Myth: Off-label use of antidepressants is strongly supported by research.
Truth: This is false. Antidepressants are a group of drugs that are used, primarily, to treat depression. However, depression is not the only condition that antidepressants are prescribed for. Antidepressants have been prescribed to patients to treat other mental conditions, including anxiety, eating disorders, sleep disorders, and obsessive-compulsive disorder. Although not as common, antidepressants have been used to treat other conditions not related to mental health, including menopausal symptoms, fibromyalgia, and chronic neuropathic pain.
Although off-label use of antidepressants is increasing, a new study published in the British Medical Journal has found that there is a lack of scientific research that supports the use of antidepressants for conditions other than depression. This descriptive study analyzed a total of 106 850 antidepressant prescriptions from 174 physicians in Quebec, Canada to determine the conditions drugs were prescribed for, and the accompanying research that supported these prescriptions.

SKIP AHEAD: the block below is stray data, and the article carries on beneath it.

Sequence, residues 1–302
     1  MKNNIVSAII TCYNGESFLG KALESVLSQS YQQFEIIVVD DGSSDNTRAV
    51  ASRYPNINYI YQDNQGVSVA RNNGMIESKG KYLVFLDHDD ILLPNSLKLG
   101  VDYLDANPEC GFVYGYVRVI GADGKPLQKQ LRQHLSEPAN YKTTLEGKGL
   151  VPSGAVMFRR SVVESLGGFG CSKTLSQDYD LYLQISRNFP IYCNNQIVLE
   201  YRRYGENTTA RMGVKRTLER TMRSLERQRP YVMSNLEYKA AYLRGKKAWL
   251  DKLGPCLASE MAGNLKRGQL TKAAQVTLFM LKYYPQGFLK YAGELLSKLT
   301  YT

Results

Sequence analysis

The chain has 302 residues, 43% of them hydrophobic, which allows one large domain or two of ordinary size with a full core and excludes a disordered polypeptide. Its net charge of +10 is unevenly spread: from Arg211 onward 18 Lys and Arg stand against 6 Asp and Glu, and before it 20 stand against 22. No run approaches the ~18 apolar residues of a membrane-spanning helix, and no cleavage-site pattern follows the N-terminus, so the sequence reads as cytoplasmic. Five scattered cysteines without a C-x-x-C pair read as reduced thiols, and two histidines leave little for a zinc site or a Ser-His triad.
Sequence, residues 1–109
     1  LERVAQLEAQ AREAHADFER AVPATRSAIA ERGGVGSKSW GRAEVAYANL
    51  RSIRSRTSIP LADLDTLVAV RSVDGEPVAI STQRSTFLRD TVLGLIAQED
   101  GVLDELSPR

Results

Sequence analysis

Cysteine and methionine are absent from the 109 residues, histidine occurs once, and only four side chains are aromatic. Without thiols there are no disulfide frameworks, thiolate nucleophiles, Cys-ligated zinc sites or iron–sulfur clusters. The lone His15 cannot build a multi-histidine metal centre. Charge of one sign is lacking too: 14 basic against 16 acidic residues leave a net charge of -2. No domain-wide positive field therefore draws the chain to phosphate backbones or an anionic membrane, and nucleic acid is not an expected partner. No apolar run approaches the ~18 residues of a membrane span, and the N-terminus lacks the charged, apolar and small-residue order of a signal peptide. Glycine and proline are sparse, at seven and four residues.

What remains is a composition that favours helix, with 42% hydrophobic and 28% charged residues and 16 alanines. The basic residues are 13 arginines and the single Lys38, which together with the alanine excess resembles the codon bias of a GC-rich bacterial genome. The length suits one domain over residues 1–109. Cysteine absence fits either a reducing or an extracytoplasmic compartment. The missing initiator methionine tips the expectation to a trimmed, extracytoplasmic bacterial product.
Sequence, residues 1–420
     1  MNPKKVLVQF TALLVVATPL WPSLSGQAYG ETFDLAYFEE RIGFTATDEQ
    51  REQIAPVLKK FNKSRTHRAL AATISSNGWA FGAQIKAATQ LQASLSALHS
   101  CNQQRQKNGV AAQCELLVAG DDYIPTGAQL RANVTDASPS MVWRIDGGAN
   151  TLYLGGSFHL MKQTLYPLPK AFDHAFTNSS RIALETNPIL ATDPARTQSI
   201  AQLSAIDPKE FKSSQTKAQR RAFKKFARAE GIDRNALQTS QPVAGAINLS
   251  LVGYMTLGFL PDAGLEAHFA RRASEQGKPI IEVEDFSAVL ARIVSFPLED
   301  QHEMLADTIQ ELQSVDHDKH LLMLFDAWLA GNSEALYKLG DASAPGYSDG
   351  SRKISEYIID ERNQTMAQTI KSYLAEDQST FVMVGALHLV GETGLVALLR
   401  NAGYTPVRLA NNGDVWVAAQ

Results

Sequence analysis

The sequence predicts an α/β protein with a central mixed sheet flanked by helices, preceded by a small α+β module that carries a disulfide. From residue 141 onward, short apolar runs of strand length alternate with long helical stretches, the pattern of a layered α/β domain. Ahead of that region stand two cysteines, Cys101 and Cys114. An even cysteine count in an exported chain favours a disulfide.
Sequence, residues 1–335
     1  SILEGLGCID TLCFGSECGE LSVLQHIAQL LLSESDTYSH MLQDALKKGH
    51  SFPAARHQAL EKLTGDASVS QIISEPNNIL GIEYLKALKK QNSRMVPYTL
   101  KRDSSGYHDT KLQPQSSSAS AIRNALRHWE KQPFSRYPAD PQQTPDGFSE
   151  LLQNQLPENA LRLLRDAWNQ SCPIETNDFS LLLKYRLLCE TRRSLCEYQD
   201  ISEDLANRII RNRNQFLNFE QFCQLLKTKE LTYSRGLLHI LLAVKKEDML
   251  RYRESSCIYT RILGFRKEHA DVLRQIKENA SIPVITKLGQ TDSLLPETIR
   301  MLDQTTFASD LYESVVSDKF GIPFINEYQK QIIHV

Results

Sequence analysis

The results found that tricyclic antidepressants were the most commonly prescribed antidepressants for off-label indications. As well, the researchers determined that out of all cases of off-label antidepressant use, only 16% of cases were backed by strong scientific research. Surprisingly, it was found that in all of the cases where there was no evidence to support \off-label use, 40% of the time there was supporting evidence for another antidepressant of the same class to treat the indication. Read more about off-label use of antidepressants here.